Historians Rank Every President

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36. Herbert Hoover
> Years served: 1929-1933
> Best performing category: Administrative skills (64.7)
> Worst performing category: Economic management (28.4)
> Party affiliation: Republican

Iowan Herbert Hoover, the 31st president, became a hero when he saved millions of Europeans during World War I from starvation as head of the American Relief Administration, which sent boatloads of food to such countries as Germany and Bolshevik Russia. Yet, as president, he and the nation were challenged after the stock market crash of 1929, which heralded the Great Depression. He was viewed as a failure during the the Depression’s early years when he was unable to put forth policies that spared U.S. citizens from joblessness, homelessness, and hunger. So acute was the criticism that some homeless called their shantytowns Hoovervilles.

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37. Millard Fillmore
> Years served: 1850-1853
> Best performing category: International relations (48.2)
> Worst performing category: Pursued equal justice for all (28.6)
> Party affiliation: Whig

Vice President Millard Fillmore became the 13th president when Taylor died in office. A New Yorker who came from humble beginnings, Fillmore gave his support, against his own beliefs, the Fugitive Slave Act, which required federal enforcement to capture and return slaves to their owners. He favored it as a way of keeping the Union together. While the measure kept the Civil War at bay for another decade, his support of it led to his political demise.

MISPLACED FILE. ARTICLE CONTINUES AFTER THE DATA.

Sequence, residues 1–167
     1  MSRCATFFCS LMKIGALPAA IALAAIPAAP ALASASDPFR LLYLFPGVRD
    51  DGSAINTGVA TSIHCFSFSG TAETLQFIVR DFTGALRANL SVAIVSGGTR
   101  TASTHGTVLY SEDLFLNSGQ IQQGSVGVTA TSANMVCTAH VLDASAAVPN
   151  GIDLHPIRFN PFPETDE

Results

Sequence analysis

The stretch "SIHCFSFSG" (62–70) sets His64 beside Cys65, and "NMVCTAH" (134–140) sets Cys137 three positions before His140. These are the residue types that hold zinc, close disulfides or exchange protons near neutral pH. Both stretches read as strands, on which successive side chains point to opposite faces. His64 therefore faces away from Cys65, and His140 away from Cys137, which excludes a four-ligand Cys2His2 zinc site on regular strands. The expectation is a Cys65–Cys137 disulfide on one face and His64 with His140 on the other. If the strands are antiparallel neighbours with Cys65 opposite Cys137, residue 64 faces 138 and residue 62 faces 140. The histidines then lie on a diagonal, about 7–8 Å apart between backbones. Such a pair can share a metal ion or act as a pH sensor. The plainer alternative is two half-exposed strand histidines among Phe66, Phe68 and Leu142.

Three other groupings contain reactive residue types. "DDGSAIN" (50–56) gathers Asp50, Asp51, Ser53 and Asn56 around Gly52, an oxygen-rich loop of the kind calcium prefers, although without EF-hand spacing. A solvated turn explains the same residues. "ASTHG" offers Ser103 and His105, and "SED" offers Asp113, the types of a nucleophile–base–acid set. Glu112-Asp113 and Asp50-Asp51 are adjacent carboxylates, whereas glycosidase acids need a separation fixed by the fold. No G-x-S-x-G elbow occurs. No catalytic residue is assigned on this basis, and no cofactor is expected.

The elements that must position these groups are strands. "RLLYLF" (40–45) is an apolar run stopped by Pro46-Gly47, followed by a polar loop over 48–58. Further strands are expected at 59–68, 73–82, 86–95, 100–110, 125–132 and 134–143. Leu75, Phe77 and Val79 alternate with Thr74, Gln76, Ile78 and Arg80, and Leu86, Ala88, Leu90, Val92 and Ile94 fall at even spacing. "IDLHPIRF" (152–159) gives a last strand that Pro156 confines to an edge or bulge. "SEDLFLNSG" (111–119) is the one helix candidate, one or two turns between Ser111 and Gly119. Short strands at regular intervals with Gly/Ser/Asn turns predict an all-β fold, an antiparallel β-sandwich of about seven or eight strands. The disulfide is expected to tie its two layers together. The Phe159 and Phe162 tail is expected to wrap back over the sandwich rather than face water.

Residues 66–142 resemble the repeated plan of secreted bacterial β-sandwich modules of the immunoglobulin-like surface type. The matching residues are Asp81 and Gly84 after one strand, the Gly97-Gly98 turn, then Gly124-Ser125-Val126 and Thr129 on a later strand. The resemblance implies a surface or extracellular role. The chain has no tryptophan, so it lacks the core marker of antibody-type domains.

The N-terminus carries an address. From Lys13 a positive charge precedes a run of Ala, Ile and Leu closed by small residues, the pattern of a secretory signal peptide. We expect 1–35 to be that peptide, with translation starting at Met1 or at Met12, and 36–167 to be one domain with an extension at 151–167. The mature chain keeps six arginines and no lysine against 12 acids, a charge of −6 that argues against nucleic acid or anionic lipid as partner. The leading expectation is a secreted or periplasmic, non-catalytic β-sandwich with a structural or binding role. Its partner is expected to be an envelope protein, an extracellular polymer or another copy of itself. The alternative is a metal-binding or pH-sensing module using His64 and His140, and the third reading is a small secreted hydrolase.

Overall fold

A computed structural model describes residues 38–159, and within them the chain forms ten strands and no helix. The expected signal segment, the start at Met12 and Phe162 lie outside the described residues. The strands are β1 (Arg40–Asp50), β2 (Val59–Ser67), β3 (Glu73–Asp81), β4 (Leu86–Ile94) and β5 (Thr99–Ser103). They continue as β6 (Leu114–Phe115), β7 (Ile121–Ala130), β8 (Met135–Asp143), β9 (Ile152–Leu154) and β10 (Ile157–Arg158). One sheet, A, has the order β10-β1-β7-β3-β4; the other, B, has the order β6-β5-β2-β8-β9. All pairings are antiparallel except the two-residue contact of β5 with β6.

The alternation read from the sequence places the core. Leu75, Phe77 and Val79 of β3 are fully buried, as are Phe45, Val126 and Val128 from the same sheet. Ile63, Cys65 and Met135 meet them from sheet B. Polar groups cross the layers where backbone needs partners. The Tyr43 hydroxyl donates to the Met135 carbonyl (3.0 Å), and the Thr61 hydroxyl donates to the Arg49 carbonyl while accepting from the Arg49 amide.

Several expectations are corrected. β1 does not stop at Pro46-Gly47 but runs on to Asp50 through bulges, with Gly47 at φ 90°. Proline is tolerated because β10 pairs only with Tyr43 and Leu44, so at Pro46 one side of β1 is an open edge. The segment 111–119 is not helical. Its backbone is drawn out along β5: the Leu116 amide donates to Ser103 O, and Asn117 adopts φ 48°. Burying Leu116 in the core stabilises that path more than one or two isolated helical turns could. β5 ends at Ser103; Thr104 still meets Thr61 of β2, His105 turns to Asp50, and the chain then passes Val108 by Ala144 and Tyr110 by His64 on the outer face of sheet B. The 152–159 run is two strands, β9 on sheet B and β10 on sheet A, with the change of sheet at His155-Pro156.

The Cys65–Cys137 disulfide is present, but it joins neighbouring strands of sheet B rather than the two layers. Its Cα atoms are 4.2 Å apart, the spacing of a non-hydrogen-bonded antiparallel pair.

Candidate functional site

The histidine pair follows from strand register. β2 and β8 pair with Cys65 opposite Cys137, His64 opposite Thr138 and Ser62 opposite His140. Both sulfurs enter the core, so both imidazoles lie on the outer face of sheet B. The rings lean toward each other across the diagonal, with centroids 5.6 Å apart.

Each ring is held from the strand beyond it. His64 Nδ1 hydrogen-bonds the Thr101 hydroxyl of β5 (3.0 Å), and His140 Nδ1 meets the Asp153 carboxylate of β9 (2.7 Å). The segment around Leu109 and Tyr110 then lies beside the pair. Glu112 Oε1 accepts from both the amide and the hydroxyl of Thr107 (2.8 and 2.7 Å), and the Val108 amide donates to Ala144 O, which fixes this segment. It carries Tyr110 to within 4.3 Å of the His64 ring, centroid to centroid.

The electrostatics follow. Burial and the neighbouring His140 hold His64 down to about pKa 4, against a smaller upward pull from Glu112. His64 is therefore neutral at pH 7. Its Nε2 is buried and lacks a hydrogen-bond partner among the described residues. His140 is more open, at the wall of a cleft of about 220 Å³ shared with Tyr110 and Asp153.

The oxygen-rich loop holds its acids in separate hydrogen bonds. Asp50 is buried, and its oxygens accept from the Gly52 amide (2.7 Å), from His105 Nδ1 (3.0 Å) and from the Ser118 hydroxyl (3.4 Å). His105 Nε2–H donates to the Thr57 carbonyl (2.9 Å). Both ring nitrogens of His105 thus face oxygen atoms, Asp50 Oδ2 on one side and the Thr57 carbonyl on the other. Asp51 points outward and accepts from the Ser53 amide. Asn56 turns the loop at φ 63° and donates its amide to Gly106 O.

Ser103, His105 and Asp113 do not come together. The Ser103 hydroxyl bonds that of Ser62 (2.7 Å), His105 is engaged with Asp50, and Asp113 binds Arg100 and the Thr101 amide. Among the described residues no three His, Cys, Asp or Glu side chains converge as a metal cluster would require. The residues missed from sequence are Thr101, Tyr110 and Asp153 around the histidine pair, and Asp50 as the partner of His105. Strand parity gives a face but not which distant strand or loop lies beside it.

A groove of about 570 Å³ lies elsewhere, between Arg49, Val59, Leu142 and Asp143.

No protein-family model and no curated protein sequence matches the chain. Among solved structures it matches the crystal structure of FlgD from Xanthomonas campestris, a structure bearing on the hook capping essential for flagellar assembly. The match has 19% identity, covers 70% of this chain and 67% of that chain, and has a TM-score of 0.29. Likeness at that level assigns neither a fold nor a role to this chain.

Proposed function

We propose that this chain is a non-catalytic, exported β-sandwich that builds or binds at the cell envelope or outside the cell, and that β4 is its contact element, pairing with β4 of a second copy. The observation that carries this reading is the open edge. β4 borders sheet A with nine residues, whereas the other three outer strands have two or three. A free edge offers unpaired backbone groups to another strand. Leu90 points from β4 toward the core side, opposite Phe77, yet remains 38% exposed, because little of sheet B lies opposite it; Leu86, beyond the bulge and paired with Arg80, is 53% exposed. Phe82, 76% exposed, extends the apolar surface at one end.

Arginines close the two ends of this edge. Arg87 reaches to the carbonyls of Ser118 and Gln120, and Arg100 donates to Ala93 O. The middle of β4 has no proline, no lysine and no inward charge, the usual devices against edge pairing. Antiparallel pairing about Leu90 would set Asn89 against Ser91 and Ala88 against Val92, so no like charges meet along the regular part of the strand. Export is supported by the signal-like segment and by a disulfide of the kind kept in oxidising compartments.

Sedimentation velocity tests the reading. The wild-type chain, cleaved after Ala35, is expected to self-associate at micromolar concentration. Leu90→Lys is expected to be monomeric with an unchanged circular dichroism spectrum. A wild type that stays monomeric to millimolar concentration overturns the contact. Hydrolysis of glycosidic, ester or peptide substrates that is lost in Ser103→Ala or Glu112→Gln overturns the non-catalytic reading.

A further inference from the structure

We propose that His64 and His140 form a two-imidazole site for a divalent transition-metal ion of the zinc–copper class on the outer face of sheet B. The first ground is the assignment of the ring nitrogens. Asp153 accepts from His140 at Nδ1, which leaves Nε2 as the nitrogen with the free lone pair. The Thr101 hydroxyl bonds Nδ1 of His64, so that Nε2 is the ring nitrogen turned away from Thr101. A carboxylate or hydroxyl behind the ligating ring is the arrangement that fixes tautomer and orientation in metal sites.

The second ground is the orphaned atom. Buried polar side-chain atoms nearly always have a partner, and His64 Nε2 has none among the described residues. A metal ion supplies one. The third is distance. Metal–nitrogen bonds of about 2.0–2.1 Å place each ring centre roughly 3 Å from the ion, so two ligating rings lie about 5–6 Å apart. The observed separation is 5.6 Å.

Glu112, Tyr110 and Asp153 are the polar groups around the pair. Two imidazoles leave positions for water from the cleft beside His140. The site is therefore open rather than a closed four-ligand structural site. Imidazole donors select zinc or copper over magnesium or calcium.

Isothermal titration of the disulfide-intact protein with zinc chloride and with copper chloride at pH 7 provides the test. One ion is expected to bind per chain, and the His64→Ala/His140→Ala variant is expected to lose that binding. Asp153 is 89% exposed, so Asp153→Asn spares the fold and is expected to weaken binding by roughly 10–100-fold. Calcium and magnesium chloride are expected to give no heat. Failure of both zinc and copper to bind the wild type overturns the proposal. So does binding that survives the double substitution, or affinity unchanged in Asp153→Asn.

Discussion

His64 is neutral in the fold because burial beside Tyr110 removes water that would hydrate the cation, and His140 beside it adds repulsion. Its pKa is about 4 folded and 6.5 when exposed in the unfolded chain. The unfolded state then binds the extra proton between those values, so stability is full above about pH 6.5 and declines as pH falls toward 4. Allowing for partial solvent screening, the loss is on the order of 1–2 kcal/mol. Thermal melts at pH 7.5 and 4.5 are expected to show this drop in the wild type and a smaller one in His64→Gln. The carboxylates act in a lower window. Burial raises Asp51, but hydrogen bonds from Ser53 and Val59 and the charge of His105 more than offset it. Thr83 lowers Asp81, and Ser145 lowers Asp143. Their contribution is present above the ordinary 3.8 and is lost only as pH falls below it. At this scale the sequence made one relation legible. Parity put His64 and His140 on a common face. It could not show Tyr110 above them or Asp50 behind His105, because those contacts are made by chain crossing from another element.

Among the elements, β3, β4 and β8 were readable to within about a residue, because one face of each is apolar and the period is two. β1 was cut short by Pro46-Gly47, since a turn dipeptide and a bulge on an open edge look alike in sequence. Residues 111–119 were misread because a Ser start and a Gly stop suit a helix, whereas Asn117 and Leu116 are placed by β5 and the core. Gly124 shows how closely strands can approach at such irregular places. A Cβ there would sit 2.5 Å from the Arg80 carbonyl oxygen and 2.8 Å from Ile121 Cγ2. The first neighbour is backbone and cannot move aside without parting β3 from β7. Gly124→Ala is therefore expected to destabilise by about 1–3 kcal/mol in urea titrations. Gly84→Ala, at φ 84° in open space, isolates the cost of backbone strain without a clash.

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38. William Henry Harrison
> Years served: 32 days in 1841
> Best performing category: Public persuasion (47.6)
> Worst performing category: Pursued equal justice for all (31.4)
> Party affiliation: Whig

In 1841, when William Henry Harrison took over the Oval Office, he was 68, the oldest to become president at the time. He was also the first president to die in office. His death, only a month after he became president, was brought on by a cold he contracted on the frigid inauguration day. That day, he rode to the capitol without a topcoat on a white horse and proceeded to deliver a two-hour speech. He was succeeded by John Tyler.

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39. John Tyler
> Years served: 1841-1845
> Best performing category: International relations (50.9)
> Worst performing category: Pursued equal justice for all (24.1)
> Party affiliation: Whig

Known as a maverick, President John Tyler was shunned by his own party, the Whigs, while he was in office. His ascendancy to the highest office created a constitutional crisis in that this was the first time a vice president had become president after the commander in chief’s death. Tyler’s assertive taking of the office, however, settled the question, and it was never raised again. During his term, he reorganized the Navy, set up the United States Weather Bureau, brokered an end to the Second Seminole War, and quashed a rebellion against the state government of Rhode Island.

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40. Warren G. Harding
> Years served: 1921-1923
> Best performing category: Relations with congress (43.8)
> Worst performing category: Moral authority (24.7)
> Party affiliation: Republican

Twenty-ninth President Warren G. Harding accomplished relatively little during his three years in office. His administration left looming problems, including the Teapot Dome Scandal, for incoming President Coolidge to clean up. Harding’s cabinet came to be viewed as one of the most corrupt in U.S. history. The Teapot Dome scandal surrounded Harding secretly allowing oil reserves in California to be transferred from the Navy’s jurisdiction to the Interior Department. The department’s secretary, Albert Fall, then leased the oilfields to private oil companies and, as a result, received thousands in gifts and loans.